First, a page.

William Turner, Former Obama health care advisor, Betts Chair and Professor of Education and Human Development, Peabody College of Education and Human Development
Turner, an expert on mental health policy and family therapy, served from 2007-2008 in the office of then-senator and presidential candidate Barack Obama as a Robert Wood Johnson Health Policy Fellow.
Turner can discuss both the evolution and history of health care reform and the key issues he believes are being lost in the current debate over how the nation will pay for health care. “What’s most disappointing is that we’re really only talking about how to pay for health care,” Turner said. “Though costs are enormously important, what I heard from every physicians and nurses group during my time on Capitol Hill was the need to overhaul health care in general–from how we provide care, to workforce issues, to mental health. The debate needs to be broader than costs.” Turner has served on scientific study sections at the National Institutes of Health, the National Institute on Drug Abuse and the National Institute of Mental Health.
Larry Van Horn, associate professor of health care management and director of health care programs, Vanderbilt Owen Graduate School of Management
The continuing focus of health care reform should be on how to spend less money and deliver better care, said Van Horn, who is writing a book with Tennessee Congressman Jim Cooper on the business of health care. He has conducted extensive research on health care organizations, managerial incentives in nonprofit hospitals and the conduct of managed care.
“We cannot afford the current consumption of health care services,” Van Horn said. “The cultural focus is on finding someone else to pay with no accountability for lifestyle choices and their impact on health care demand.” Health care currently accounts for 17.5 percent of the gross national product and is predicted to rise to 25 percent within 15 years. At 22 percent of the GNP, he says, drastic changes, such as defense cuts, would be needed to pay for health care.
James Blumstein, University Professor of constitutional law and health law and policy; director, Health Policy Center, Vanderbilt Institute for Public Policy Studies
Blumstein ranks among the nation’s most prominent scholars of health law, law and medicine, and voting rights. As founder of the Vanderbilt Institute for Public Policy Studies (VIPPS) and director of its Health Policy Center, Professor Blumstein has served as the principal investigator on numerous grants concerning managed care, hospital management and medical malpractice. He co-authored a major study on TennCare, one of the first statewide experiments in universally enrolling Medicaid patients in managed care. He has been elected to the prestigious Institute of Medicine of the National Academy of Sciences and is co-editor of a leading casebook on health law and policy.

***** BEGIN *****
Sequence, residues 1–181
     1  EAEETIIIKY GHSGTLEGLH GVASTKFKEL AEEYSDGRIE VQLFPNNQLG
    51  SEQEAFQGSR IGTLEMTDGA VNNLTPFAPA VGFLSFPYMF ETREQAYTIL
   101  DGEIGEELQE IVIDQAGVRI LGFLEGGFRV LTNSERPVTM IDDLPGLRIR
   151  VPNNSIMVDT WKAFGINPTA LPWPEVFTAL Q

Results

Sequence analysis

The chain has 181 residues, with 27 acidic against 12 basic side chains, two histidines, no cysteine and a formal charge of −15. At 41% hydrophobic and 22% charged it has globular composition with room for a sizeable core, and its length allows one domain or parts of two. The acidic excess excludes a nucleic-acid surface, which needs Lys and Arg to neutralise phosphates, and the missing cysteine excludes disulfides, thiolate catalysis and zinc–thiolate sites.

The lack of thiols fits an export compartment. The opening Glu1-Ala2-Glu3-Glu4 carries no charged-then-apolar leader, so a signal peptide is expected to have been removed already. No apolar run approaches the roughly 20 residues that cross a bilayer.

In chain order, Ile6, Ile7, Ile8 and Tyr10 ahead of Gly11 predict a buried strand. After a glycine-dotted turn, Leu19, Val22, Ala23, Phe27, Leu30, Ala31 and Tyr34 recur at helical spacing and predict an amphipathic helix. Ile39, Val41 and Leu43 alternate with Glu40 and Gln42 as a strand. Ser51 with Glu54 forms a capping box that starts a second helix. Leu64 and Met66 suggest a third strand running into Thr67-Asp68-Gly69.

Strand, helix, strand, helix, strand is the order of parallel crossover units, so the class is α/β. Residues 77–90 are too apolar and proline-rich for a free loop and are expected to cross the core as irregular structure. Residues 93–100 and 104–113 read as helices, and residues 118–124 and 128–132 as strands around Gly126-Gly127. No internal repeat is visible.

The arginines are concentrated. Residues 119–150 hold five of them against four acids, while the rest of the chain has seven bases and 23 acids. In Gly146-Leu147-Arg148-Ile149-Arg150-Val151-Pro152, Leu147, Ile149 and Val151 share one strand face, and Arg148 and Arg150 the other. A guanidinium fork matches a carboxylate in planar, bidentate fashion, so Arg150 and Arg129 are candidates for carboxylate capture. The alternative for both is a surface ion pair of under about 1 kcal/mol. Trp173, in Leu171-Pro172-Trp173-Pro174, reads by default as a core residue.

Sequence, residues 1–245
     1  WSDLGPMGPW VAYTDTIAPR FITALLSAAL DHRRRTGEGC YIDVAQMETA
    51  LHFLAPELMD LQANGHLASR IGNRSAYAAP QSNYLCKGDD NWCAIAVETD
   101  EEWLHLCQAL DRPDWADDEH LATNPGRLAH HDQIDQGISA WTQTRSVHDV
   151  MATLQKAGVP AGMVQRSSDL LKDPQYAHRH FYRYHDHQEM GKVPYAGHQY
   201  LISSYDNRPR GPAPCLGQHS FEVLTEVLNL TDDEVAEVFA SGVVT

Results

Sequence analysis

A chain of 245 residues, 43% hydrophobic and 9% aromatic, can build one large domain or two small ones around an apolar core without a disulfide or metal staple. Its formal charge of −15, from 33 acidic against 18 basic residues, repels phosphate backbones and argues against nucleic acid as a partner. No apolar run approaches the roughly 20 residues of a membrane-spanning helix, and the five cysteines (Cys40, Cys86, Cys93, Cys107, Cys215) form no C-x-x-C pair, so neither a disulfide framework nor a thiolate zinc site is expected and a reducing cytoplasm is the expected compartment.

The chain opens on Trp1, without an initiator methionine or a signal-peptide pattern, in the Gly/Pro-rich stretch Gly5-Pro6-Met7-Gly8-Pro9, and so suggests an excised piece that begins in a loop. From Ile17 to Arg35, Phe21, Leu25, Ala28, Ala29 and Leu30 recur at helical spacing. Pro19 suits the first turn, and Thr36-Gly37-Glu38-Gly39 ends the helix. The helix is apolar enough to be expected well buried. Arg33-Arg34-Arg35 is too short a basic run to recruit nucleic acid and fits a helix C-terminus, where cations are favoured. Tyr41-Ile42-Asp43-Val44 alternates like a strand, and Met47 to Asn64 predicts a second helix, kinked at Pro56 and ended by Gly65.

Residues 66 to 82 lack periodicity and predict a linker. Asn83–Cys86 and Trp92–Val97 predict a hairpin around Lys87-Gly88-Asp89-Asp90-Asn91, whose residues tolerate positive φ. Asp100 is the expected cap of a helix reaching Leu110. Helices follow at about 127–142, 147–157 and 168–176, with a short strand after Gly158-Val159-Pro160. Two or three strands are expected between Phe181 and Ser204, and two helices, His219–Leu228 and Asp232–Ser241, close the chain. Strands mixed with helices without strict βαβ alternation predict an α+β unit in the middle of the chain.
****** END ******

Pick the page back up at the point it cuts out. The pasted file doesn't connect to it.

Bruce Oppenheimer, professor of political science
The critical element now is getting some kind of bill out of the Senate, negotiating the details and then coming out with a package that will pass the House, says Oppenheimer, who teaches and writes about the legislative process, political parties and congressional elections. He co-authored the award-winning book Sizing Up the Senate: The Unequal Consequences of Equal Representation. In addition, he is co-editor of Congress Reconsidered, now in its eighth edition.
“Part of the argument that the leadership will use is that this isn’t closure. This is just a start, but it’s a very big first step,” Oppenheimer said. “Closure happens when you defeat something or don’t get something passed.” He says circumstances will change during the long implementation and that’s when the legislation will be fine-tuned. “It’s not the last word,” he said.
Michael Burcham, clinical professor of entrepreneurship, Vanderbilt Owen Graduate School of Management
Burcham is also former president of ParadigmHealth, a specialty care and disease management firm. So far, ParadigmHealth has managed more than 150,000 patients nationwide, focusing primarily on medically complex infants and patients with late-stage cancer, end-of-life care issues and multiple traumas.
When it comes to the issue of health care co-ops, Burcham says they’re a “kinder, gentler” way to talk about the “public option.” He thinks that co-ops may make a reform package easier for conservative Democrats and moderate Republicans to swallow, but many major stumbling blocks remain, including the cost of covering millions of uninsured individuals. “To accomplish that, somebody’s taxes will probably have to go up — a tough vote even in good economic times,” said Burcham.
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